The reasonableness of restrictions is important to whether the noncompetition covenant will be enforceable. A noncompetition covenant may restrict an employee from working for companies that directly compete with the employer. However, a noncompete agreement that seeks to prevent an employee from working for any casino within 150 miles would be deemed too broad because it would apply to too many prospective employers. See, Golden Rd. Motor Inn, Inc. v. Islam, 132 Nev. Adv. Op. 49 (2016). A noncompetition covenant that is limited to companies in direct competition with the employer within a limited geographic area is likely enforceable. However, a restriction that prevents an employee from working for any company located within 50 miles of where a company intends to expand its operations is overbroad because it is speculative and presents an undue hardship on the employee. See, Camco, 113 Nev. 512 at 519-520.

The Nevada Supreme Court has deemed reasonable a covenant that spans two years and a five-mile radius. See, Ellis v. McDaniel, 95 Nev. 455 (1979). Similarly, a covenant that covered a duration of one year applicable to the entire City of Reno was also deemed reasonable. See Hansen v. Edwards, 83 Nev. 189 (1967). By contrast, a covenant that spanned two years and a geographic area of 50 miles was held to be unreasonable. See Camco, 113 Nev. at 519. Additionally, the Nevada Supreme Court deemed unreasonable a covenant that spanned five years and one hundred miles because it imposed an undue hardship on the employee. See Jones v. Deeter, 112 Nev. 291 (1996). As a rule, if an employee would be forced to relocate or wait a significant period of time to engage in their chosen profession (likely 3 years or more), courts will probably find that the covenant imposes an undue hardship on the employee and that its restrictions are unreasonable.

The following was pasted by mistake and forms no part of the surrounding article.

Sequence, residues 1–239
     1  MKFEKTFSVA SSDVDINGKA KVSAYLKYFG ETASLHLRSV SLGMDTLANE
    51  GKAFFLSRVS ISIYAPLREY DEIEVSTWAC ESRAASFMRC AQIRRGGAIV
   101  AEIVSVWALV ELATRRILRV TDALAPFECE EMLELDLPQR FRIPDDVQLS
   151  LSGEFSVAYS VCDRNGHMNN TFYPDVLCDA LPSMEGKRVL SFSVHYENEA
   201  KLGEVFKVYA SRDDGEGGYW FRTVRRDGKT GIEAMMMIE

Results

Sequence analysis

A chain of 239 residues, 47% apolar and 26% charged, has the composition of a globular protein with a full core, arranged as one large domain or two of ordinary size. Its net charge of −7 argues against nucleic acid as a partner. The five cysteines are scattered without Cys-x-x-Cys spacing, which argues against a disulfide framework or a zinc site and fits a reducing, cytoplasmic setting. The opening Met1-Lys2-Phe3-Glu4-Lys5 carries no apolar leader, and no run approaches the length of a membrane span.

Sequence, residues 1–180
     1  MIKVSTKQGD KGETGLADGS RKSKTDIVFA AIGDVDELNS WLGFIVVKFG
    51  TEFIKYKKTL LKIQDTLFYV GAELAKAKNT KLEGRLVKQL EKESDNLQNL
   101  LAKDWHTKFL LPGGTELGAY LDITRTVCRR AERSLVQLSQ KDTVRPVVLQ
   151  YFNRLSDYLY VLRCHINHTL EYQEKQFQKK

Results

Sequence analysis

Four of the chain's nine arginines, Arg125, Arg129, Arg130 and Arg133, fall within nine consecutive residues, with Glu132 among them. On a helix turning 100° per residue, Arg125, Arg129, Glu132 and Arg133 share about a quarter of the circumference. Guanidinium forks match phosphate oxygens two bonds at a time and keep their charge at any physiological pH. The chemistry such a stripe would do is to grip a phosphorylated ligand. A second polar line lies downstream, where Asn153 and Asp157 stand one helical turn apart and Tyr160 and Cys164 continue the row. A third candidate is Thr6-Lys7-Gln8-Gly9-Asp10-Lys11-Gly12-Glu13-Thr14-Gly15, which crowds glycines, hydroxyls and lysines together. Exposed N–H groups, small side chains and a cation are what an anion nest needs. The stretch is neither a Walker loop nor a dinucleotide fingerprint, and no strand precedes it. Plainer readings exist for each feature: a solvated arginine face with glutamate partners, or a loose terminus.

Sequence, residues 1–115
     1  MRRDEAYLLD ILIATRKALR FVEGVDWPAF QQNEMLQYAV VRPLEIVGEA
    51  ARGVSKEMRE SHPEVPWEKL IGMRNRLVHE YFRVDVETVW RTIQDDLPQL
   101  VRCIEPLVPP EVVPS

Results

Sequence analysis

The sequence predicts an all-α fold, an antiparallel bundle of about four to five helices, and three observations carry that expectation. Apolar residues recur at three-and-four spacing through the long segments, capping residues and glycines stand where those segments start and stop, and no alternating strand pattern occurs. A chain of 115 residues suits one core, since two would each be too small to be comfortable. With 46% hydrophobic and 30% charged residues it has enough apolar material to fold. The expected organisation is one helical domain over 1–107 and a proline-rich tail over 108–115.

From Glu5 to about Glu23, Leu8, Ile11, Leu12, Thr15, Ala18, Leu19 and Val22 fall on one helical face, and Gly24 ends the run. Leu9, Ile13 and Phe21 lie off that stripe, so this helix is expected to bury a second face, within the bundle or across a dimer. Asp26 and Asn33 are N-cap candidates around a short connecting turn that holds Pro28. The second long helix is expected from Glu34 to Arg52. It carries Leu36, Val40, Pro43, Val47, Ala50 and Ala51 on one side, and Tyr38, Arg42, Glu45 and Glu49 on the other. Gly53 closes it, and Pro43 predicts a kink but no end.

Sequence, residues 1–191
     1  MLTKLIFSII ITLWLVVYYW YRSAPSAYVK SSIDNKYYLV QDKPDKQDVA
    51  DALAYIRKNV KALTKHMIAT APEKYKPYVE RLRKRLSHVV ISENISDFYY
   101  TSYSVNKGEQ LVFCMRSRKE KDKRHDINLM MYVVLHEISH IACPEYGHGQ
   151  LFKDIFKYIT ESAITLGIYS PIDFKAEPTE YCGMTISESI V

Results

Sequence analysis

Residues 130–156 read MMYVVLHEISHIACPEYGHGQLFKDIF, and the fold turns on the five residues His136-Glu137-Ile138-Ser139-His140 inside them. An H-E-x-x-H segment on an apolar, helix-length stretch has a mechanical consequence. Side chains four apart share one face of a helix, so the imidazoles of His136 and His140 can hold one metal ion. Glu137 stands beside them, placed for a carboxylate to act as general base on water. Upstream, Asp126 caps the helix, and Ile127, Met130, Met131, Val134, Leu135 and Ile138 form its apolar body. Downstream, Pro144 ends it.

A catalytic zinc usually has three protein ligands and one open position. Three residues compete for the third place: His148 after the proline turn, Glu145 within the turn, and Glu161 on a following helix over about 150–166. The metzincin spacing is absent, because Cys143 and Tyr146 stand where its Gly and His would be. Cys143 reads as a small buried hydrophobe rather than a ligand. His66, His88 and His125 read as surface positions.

Pursuant to recent changes enacted by the Nevada Legislature, over broad non-competition agreements must still be enforced. Under NRS 613.195(6), the Nevada Legislature has directed the district courts to “blue pencil” or re-write noncompetition covenants deemed unreasonable, overbroad, or overly restrictive by altering either the scope, duration, or geographic area of the covenant. If a business finds itself in litigation over a noncompetition covenant and the court deems the covenant overly restrictive, the covenant is still enforceable subject to court revisions.